In a joint exhibit, the parties introduced more than one thousand pages of the employee’s medical records which pre-dated the 2016 work injury. As the compensation judge noted in an unappealed finding, the “employee received physical therapy for complaints including right knee pain, sacroiliitis lumbago, lumbar radiculitis, tendinitis/bursitis of the pes anserinus, and right trochanteric bursitis.” (Finding 14.)

The employee’s claim was supported by Dr. Jefferson Brand, a physician at Heartland Orthopedic Specialists. Dr. Brand had been involved in the employee’s care since 2011. He provided reports dated August 29 and October 20, 2017. In his first report, he diagnosed a labral tear which indicated femoroacetabular impingement. He concluded that the employee’s current right hip condition was the result of her fall. In his second report, he diagnosed greater trochanteric bursitis and hip arthritis which had been aggravated by the fall.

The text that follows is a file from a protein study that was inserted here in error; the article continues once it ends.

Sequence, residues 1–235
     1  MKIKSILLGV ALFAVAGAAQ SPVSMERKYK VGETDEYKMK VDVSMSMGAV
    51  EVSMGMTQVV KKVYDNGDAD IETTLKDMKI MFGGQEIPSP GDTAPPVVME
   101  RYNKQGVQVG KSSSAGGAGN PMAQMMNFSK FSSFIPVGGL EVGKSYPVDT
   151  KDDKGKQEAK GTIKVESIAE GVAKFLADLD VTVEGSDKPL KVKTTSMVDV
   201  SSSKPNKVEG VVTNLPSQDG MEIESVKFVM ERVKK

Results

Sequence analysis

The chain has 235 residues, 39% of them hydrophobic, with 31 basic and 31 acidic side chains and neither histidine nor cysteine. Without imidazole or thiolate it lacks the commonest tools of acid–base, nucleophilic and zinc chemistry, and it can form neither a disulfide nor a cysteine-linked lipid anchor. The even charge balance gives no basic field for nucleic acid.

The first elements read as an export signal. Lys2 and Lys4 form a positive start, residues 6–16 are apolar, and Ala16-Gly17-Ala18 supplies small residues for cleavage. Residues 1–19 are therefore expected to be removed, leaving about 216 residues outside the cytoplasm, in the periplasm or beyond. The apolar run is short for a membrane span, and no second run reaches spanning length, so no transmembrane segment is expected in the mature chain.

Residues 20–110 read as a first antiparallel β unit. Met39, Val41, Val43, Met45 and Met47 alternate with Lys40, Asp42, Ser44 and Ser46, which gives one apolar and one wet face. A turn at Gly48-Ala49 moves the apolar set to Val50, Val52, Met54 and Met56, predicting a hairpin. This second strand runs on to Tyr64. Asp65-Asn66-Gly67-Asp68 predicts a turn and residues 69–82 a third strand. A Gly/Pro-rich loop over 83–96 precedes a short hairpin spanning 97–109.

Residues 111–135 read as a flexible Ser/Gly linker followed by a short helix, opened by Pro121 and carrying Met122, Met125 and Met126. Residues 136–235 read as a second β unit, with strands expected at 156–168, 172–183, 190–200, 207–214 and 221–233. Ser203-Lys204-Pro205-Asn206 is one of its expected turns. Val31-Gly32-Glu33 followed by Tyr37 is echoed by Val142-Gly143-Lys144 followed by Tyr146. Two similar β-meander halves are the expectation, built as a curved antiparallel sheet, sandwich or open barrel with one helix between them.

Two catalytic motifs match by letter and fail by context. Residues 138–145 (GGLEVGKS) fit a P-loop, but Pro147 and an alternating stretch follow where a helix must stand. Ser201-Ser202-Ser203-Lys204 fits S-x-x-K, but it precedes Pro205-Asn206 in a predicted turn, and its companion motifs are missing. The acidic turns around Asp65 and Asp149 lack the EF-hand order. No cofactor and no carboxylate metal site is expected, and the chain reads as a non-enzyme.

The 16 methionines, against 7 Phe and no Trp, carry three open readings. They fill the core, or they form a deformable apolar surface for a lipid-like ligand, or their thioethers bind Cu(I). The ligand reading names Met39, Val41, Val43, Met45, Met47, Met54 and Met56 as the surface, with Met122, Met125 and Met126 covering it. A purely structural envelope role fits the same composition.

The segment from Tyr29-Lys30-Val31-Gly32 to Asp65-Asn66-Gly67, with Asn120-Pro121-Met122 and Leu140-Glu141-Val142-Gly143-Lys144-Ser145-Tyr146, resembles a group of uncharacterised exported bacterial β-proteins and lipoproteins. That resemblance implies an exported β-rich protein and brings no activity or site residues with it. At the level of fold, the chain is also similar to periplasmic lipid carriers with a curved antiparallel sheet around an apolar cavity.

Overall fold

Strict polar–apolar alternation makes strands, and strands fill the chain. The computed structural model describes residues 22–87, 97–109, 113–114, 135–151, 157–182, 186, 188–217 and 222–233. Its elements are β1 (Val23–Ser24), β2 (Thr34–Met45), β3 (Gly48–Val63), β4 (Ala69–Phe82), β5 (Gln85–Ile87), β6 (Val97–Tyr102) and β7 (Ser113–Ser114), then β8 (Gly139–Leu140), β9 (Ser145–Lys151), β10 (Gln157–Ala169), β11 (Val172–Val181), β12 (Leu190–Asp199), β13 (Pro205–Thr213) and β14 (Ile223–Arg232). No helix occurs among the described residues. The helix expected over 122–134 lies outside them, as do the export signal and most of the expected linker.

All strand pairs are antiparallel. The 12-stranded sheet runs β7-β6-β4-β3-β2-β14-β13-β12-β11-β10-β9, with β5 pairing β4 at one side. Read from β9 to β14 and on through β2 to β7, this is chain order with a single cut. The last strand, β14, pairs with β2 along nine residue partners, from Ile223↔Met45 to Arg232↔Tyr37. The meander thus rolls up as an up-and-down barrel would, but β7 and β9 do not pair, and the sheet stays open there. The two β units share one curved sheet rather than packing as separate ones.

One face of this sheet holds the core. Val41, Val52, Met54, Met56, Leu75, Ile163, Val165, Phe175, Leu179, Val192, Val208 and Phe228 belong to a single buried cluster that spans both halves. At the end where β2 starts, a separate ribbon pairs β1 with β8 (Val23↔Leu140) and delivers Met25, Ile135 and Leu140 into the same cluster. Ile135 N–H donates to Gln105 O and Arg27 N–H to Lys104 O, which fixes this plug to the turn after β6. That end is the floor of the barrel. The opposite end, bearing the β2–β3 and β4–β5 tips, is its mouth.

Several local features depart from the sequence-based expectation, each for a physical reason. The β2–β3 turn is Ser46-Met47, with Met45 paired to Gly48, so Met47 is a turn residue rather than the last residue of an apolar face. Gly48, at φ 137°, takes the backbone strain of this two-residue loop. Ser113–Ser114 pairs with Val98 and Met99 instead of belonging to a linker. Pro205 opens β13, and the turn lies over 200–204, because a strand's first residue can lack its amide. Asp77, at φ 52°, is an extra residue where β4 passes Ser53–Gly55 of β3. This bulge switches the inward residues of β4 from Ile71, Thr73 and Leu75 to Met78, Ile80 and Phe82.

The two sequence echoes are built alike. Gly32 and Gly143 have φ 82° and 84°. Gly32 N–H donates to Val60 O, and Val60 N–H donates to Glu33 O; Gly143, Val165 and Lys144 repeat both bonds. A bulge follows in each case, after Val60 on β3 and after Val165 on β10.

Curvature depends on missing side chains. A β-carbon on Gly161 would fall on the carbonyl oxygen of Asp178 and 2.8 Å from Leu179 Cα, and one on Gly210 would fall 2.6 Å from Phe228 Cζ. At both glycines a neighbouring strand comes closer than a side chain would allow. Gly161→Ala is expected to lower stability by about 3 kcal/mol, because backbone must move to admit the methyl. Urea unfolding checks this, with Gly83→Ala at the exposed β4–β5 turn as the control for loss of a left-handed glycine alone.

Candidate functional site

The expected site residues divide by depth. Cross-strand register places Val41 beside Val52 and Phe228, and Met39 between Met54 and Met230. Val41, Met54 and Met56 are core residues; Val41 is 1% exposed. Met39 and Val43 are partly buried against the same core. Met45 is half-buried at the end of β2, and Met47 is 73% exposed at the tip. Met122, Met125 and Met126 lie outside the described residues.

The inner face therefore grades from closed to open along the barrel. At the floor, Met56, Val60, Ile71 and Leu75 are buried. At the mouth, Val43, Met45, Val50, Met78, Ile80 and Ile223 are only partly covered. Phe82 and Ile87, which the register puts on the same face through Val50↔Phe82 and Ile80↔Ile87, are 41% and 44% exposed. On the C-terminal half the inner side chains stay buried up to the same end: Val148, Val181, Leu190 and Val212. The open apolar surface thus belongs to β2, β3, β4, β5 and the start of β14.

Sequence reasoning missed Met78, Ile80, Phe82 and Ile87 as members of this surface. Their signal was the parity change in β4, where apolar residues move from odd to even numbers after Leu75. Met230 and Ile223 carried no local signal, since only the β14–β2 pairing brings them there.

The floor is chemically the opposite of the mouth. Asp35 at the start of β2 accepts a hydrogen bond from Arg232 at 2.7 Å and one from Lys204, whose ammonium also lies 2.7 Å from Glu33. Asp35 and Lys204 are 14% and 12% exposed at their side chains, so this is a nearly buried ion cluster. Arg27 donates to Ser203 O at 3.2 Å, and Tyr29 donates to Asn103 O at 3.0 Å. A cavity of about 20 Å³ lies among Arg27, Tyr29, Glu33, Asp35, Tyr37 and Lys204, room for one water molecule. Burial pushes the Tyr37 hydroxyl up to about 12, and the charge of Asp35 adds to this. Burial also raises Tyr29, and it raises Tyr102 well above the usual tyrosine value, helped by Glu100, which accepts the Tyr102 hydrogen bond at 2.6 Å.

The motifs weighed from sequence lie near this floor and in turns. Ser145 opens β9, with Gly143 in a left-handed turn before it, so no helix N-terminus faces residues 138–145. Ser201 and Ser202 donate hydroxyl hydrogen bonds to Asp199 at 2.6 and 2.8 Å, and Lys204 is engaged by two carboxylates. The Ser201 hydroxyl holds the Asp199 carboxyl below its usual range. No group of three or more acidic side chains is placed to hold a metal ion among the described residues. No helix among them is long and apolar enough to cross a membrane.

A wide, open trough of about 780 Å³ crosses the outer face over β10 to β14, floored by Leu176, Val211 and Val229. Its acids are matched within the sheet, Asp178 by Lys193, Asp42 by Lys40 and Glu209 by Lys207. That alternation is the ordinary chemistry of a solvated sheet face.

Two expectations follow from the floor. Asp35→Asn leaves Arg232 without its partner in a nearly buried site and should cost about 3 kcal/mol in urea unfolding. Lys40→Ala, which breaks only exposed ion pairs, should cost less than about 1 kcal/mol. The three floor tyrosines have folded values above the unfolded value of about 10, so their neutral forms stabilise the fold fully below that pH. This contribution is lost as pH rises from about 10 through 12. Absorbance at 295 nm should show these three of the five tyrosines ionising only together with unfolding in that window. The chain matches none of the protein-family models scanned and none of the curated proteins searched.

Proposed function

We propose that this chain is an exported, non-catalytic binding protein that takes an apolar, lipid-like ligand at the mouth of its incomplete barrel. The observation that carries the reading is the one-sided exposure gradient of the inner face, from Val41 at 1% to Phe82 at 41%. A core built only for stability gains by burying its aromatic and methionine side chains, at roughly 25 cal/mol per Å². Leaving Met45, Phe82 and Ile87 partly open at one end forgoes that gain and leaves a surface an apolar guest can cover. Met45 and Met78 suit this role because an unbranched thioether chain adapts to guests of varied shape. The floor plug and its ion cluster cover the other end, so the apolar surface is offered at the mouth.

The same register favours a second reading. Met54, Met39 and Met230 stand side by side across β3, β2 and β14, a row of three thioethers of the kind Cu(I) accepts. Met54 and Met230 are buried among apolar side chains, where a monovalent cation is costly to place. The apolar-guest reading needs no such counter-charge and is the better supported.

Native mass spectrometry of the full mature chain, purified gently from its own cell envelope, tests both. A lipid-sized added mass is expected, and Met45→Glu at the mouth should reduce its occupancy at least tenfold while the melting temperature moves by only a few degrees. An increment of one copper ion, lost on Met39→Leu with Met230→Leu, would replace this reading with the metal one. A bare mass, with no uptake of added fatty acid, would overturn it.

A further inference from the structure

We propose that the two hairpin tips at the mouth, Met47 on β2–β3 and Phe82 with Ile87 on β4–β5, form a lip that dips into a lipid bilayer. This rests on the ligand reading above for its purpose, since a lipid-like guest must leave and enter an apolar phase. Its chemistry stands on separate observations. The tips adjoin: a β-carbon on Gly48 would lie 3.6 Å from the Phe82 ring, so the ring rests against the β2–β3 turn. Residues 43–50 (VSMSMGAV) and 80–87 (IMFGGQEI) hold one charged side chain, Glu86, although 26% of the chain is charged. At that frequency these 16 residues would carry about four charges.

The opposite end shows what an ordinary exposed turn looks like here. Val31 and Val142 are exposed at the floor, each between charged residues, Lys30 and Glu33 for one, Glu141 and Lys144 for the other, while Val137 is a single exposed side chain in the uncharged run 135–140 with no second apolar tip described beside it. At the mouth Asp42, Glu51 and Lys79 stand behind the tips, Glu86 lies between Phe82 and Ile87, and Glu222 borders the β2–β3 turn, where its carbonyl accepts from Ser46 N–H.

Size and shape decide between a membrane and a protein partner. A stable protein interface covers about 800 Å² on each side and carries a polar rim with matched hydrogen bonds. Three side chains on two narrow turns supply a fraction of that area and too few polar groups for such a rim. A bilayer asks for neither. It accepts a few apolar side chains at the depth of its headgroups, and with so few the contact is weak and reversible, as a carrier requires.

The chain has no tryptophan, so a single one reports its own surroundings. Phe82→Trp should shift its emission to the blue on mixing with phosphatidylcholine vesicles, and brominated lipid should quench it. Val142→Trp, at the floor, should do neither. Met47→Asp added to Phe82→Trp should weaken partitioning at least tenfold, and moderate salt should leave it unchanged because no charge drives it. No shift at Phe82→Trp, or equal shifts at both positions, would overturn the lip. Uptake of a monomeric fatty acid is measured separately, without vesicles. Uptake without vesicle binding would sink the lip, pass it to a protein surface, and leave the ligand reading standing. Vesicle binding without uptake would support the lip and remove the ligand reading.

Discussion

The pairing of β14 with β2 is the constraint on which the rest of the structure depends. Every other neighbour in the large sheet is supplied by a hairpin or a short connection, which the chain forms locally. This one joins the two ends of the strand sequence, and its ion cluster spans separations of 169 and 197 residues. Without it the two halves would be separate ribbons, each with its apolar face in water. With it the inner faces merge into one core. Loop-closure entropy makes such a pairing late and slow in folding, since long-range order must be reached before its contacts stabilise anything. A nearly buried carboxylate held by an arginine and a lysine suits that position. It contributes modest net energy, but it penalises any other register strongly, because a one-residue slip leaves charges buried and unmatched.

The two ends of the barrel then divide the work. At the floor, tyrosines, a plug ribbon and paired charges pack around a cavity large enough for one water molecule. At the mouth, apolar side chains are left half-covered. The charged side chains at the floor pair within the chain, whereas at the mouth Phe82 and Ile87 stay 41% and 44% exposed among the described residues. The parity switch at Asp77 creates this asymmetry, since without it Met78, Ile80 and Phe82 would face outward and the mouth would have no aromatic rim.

The employer and insurer relied on the opinion of their independent medical examiner, Dr. Edward Szalapski, who saw the employee on April 17, 2018, and generated a report dated May 3, 2018. Dr. Szalapski reviewed records from multiple providers and cited those records in his report. He noted that the employee had been seen in February 2002 for right lower extremity numbness and had received a number of piriformis injections. Those injections and her treatment for right hip pain continued on a regular basis into August 2005. The employee received additional treatment for right hip pain in 2013. Dr. Szalapski referred to physical therapy treatment notes from October 7, 2013, in which the employee was using a cane because of right hip pain. He also referenced the employee’s lumbar fusion surgery at L5-S1 in December 2010 and a revision fusion at L4-5 done in 2012. Dr. Szalapski concluded that the employee did not have hip bursitis. He considered her right hip pain to be referred pain from her low back condition, which he diagnosed as degenerative disc disease at L4-5. He also concluded that the employee had osteoarthritis of the hip that was not related to the work injury and which had not been aggravated by the work injury.